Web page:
Dementia is known as a clinical syndrome as a result of disease of the brain, usually of a progressive nature, which is characterised by disturbances of multiple higher cortical functions such as memory, thinking, orientation, comprehension, calculation, learning capacity, language and judgment (WHO, 2010). Alzheimer’s disease (AD) is the most common cause of dementia. However, other prevalent causes include vascular dementia (VaD), frontotemporal dementia (FTD) and Lewy body dementia.
Is the experience of pain different in individuals with Dementia?
A number of studies have found less reported pain in individuals with dementia compared to those without dementia (e.g., Parmelee, Smithy, & Katz, 1993; Scherder, Bouma, Borkent, & Rahman, 1999; Haasum, Fastbom, Fratiglioni, Kåreholt, & Johnell, 2011). It is important to note here that studies have emphasised that there is a reduction in reported pain as the severity of dementia increases and it has also been highlighted that pain in individuals with dementia frequently goes under-reported and is poorly detected.
In clinical practice, researchers have shown that individuals with dementia receive less pain medication (Morrison & Siu, 2000). An interesting study carried out by Oosterman and colleagues (2014) highlighted that the reasons for this are not yet clearly defined. This clearly requires urgent attention to address these gaps in our understanding. Some researchers have provided some possible explanations for why individuals with dementia receive less pain medication and are not identified as being in pain compared to their counterparts without dementia which will be discussed in turn below.
Do the neuropathological changes which occur in dementia have an impact on pain?
Pain assessment with individuals with dementia can be particularly difficult and complex given the symptom of this condition such as impaired ability to communicate. Therefore, commonly used assessment tools may not be appropriate for use (or difficult to use) with this particular group of individuals (Scherder, Sergeant, & Swaab, 2003; van Dalen-Kok et al., 2015). Another explanation for why pain goes undetected is that in patients with dementia, their pain tends to be exhibited as challenging behaviour (such as agitation or withdrawal) and are also known as neuropsychiatric symptoms (NPS) (e.g., Geda et al., 2013).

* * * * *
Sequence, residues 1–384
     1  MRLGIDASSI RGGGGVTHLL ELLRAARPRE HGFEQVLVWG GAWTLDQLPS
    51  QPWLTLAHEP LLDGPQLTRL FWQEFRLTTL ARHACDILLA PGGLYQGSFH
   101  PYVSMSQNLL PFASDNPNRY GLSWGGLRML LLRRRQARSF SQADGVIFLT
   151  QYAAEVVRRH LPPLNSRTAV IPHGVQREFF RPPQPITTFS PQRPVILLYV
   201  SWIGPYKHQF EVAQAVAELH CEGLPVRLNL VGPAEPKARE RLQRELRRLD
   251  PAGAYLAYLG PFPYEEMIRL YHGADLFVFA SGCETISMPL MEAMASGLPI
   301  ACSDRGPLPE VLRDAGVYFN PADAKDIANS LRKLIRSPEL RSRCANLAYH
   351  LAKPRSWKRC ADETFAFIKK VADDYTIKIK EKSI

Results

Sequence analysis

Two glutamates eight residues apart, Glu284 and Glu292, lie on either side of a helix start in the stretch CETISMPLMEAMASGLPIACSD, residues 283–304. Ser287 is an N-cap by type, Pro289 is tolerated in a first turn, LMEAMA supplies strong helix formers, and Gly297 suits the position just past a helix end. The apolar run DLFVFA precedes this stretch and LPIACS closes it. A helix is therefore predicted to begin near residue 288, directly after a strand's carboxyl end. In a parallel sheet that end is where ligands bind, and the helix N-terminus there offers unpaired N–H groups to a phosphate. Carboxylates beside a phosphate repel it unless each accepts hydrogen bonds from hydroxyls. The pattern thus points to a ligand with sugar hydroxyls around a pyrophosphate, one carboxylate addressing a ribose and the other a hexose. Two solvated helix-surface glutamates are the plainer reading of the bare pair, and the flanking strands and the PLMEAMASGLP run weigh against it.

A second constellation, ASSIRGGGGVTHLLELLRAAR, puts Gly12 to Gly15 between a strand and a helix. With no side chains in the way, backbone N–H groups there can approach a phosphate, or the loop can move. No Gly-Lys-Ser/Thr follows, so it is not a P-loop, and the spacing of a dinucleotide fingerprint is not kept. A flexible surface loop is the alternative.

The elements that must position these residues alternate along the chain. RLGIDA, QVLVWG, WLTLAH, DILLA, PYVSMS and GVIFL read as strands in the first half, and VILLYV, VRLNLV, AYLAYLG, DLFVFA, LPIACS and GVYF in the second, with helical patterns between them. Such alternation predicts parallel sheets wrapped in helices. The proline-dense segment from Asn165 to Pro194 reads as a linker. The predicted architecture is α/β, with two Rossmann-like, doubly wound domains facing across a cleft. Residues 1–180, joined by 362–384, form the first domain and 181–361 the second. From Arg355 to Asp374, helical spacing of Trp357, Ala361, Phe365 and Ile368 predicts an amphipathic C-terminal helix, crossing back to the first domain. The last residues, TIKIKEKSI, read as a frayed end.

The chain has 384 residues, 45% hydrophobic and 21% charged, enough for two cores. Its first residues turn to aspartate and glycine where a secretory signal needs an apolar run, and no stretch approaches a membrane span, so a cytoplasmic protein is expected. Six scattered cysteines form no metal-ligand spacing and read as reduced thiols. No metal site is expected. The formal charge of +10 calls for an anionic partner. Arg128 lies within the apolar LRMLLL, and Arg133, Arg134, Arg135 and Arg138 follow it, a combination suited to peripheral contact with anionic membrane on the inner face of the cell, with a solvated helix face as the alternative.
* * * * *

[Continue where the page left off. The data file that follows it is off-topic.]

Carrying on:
Is there neurodegeneration on central pain processing regions in the brain in individuals with dementia?
The question of whether there is less reporting of pain in individuals with dementia because of neurodegeneration of the regions of the brain which process pain is an interesting one. Some researchers have even argued that reported pain is lower in individuals with dementia due to some of the parts of their brain which processes pain is adversely impacted because of the disease. In other words, some of the regions of the brain responsible for processing pain suffer degeneration (e.g., Scherder, Sergeant, & Swaab, 2003) which results in the lowered levels of clinical pain ratings. Some support for this idea comes from some studies which have found normal pain detection but higher pain tolerance in individuals with Alzheimer’s disease (AD) (Benedetti et al., 1999).